Charge control agents that control the toner particles to a positive chargeability are exemplified below.

Examples thereof include nigrosine and nigrosine modified with a fatty acid metal salt; guanidine compounds; imidazole compounds; quaternary ammonium salts, such as tributylbenzylammonium 1-hydroxy-4-naphthosulfonate and tetrabutylammonium tetrafluoroborate; onium salts, such as phosphonium salts, which are analogues of quaternary ammonium salts, and lake pigments thereof; triphenylmethane dyes and lake pigments thereof (examples of laking agents include phosphotungstic acid, phosphomolybdic acid, phosphotungstomolybdic acid, tannic acid, lauric acid, gallic acid, ferricyanide, and ferrocyanide); metal salts of higher fatty acids; and resin-based charge control agents.

These charge control agents may be used alone or in combination of two or more. In the case where a charge control agent containing a metal is used for the toner according to an embodiment of the present disclosure, it should be noted that the resistivity of the metal and the metal content are within the range of the present disclosure. The amount of the charge control agent added may be 0.01 parts or more by mass and 10.00 parts or less by mass with respect to 100.00 parts by mass of the binder resin.

External Additive

The toner particles may be included in the toner according to an embodiment of the present disclosure without using any external additive. To improve the flowability, chargeability, cleaning performance, and so forth, the toner according to an embodiment of the present disclosure may contain a fluidizer, a cleaning aid, and so forth, which are what are called external additives.

Examples of the external additives include fine inorganic oxide particles, such as fine silica particles, fine alumina particles, and fine titanium particles; fine inorganic stearate compound particles, such as fine aluminum stearate particles and fine zinc stearate particles; and fine inorganic titanate compound particles, such as fine strontium titanate particles and fine zinc titanate particles. These may be used alone or in combination of two or more. These fine inorganic particles may be subjected to gloss treatment with a silane coupling agent, a titanium coupling agent, a higher fatty acid, a silicone oil, or the like in order to improve the heat resistance during storage and the environmental stability. The external additive may have a BET specific surface area of 10 m.sup.2/g or more and 450 m.sup.2/g or less.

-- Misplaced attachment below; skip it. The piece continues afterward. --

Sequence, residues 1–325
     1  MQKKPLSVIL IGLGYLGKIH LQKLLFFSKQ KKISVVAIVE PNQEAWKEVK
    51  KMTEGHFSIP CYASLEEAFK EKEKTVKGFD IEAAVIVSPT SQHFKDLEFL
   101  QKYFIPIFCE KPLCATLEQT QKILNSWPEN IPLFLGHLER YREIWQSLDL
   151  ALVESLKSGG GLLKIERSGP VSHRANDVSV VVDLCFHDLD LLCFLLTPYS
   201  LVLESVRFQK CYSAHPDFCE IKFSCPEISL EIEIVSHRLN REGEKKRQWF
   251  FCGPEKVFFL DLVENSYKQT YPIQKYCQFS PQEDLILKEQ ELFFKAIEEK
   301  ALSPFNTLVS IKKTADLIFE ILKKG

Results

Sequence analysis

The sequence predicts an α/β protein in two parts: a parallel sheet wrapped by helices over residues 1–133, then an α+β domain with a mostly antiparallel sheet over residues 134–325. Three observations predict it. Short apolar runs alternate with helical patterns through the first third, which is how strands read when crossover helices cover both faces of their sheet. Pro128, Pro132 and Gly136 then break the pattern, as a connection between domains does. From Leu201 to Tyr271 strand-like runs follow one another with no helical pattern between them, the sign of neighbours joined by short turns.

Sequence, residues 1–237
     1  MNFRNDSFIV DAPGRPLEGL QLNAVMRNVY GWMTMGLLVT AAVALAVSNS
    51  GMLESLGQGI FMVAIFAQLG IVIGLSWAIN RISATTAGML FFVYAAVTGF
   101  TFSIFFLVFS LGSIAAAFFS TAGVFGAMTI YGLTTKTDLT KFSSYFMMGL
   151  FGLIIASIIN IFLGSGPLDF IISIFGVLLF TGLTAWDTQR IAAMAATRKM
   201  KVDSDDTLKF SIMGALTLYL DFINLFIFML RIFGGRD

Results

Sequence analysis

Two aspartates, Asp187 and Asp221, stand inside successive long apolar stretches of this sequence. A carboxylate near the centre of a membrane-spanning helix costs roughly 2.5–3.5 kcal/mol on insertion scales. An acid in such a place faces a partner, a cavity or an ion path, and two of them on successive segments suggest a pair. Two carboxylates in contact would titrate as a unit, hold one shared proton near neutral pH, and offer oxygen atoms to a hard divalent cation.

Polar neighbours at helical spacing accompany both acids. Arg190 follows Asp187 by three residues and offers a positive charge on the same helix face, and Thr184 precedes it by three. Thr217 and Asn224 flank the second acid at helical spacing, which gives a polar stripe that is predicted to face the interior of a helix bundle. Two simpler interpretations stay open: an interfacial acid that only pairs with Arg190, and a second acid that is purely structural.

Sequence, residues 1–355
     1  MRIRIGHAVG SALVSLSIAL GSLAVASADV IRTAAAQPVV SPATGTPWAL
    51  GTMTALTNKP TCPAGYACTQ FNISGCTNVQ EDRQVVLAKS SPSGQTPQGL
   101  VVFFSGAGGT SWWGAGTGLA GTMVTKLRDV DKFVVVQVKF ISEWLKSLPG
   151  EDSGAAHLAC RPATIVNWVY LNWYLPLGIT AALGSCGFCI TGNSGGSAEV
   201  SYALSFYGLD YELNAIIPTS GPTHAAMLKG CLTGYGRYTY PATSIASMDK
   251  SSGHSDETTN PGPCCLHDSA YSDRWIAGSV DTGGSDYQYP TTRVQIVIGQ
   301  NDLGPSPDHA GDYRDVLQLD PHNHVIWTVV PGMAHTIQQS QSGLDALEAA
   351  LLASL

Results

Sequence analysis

The BET specific surface area may be determined by a low-temperature gas adsorption method using a dynamic constant pressure method according to a BET method (a BET multipoint method). For example, a specimen is allowed to adsorb nitrogen gas on its surface in a specific surface area analyzer (trade name: Gemini 2375 Ver. 5.0, manufactured by Shimadzu Corporation), and measurement is performed by the BET multipoint method to calculate the BET specific surface area (m.sup.2/g).

The total amount of these various external additives is 0.05 parts or more by mass and 5 parts or less by mass and preferably 0.1 parts or more by mass and 3 parts or less by mass with respect to 100 parts by mass of the particles before the external additives are added. The various external additives may be used in combination.

Developer

The toner according to an embodiment of the present disclosure may be used as a magnetic or nonmagnetic mono-component developer and may be mixed with a carrier before being used as a two-component developer.

Examples of the carrier that can be used include magnetic particles containing known materials, for example, metals, such as iron, ferrite, and magnetite, and alloys of these metals and metals such as aluminum and lead. Of these, ferrite particles may be used. As the carrier, for example, a coated carrier including magnetic particles whose surfaces are coated with a coating agent such as a resin or a resin-dispersion carrier including fine magnetic powder dispersed in a binder resin may be used.